Although he has more years of experience, W. Bruce Heiden, who finished his 58th crop in 2010, is still one of the most progressive and forward thinking cotton producers in the Far West, according to Western Farm Press editors Harry Cline and Cary Blake.

Heiden has faced numerous challenges, ranging from multiple insect pests that threatened not only to reduce yield, but to take markets from Arizona cotton to urban encroachment that has only slowed down with the recession in the national economy.

Peter Ellsworth, University of Arizona IPM specialist, one of several who nominated Heiden for the High Cotton award, said Heiden has not only managed to survive the challenges, but excelled during those periods. “Even in the years when we struggled to control pink bollworm or later to control whitefly, Bruce’s production was always among the highest.”

Ellsworth said Heiden was a leader in helping the industry move through technology changes, including Bt cotton. He was instrumental in getting new insect growth regulators registered to turn back the whitefly, a pest Heiden said was the most devastating insect to befall Arizona cotton producers.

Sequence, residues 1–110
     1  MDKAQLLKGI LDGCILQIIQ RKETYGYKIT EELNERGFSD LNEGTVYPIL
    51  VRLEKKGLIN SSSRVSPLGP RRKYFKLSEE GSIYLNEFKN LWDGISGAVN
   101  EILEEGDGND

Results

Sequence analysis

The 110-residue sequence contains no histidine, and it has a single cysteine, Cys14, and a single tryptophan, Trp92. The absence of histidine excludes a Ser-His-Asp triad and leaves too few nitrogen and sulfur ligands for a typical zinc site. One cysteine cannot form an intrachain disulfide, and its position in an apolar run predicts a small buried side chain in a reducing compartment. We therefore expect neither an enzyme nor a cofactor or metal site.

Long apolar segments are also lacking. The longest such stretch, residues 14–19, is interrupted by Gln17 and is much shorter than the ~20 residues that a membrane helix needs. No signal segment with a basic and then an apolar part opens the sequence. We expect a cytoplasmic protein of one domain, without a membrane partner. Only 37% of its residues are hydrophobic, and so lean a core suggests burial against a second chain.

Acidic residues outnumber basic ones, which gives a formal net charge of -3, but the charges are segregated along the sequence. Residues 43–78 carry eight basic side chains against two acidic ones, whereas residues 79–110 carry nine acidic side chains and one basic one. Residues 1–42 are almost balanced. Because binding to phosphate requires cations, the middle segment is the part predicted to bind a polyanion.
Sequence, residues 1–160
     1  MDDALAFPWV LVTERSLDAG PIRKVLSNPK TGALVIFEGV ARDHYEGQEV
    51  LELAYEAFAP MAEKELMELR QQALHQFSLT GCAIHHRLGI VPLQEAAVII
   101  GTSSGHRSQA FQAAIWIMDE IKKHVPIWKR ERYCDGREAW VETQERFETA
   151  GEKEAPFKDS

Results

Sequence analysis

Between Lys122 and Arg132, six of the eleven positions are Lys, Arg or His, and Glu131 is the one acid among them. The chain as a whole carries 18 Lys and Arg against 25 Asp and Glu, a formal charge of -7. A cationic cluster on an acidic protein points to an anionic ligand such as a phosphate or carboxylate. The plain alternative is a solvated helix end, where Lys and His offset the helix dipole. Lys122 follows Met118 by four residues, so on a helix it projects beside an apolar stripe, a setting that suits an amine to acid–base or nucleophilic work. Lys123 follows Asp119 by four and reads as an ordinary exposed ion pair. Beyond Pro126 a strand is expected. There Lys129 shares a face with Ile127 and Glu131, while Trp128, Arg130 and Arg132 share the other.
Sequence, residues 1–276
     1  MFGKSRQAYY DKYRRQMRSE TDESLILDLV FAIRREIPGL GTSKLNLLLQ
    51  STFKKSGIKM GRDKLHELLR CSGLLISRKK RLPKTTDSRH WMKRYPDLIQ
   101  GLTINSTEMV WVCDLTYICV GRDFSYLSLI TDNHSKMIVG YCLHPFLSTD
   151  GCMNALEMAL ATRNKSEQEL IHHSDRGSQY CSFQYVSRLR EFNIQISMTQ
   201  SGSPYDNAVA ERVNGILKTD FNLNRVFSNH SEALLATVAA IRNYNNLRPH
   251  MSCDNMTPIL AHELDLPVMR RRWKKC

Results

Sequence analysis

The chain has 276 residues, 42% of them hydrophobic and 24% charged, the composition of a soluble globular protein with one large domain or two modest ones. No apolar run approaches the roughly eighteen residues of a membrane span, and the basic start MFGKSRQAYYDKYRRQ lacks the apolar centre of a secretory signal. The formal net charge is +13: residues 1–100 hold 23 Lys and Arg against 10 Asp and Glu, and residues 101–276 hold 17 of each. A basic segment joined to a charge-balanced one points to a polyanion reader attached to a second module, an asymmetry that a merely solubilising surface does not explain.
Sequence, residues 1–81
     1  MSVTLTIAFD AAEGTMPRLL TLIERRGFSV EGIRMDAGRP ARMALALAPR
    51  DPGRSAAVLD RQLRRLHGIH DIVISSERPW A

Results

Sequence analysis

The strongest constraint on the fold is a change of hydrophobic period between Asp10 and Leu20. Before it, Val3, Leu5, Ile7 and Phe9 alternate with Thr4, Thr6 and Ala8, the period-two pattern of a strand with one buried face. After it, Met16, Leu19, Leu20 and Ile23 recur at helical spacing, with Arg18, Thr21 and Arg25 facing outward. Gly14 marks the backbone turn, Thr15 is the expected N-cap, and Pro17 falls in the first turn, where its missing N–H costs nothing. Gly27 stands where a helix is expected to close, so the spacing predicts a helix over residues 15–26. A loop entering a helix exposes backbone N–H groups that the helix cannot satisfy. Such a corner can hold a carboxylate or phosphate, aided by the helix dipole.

The whitefly not only caused yield loss, it created sticky cotton from the honeydew secreted by the hordes of whiteflies. That was more devastating than the pest because Arizona growers could not sell any of their cotton. Textile mills refused to buy Arizona cotton…sticky or not.

“We used to be able to forward contract, but when the whitefly came in, no one would buy Arizona cotton unless it was tested in the warehouse and certified free of stickiness,” Heiden said. He and other growers took an Asian mill tour to talk with buyers and explain to them that not all Arizona cotton was sticky and what growers were doing to control whiteflies.

“The cost of water in many areas is very high. Inputs keep going up. We saw $1 cotton in 2008 and are seeing it again now, but overall the price of cotton has been low over the past three or four years. It has not been high enough to sustain cotton in Arizona.”

flaws@farmpress.com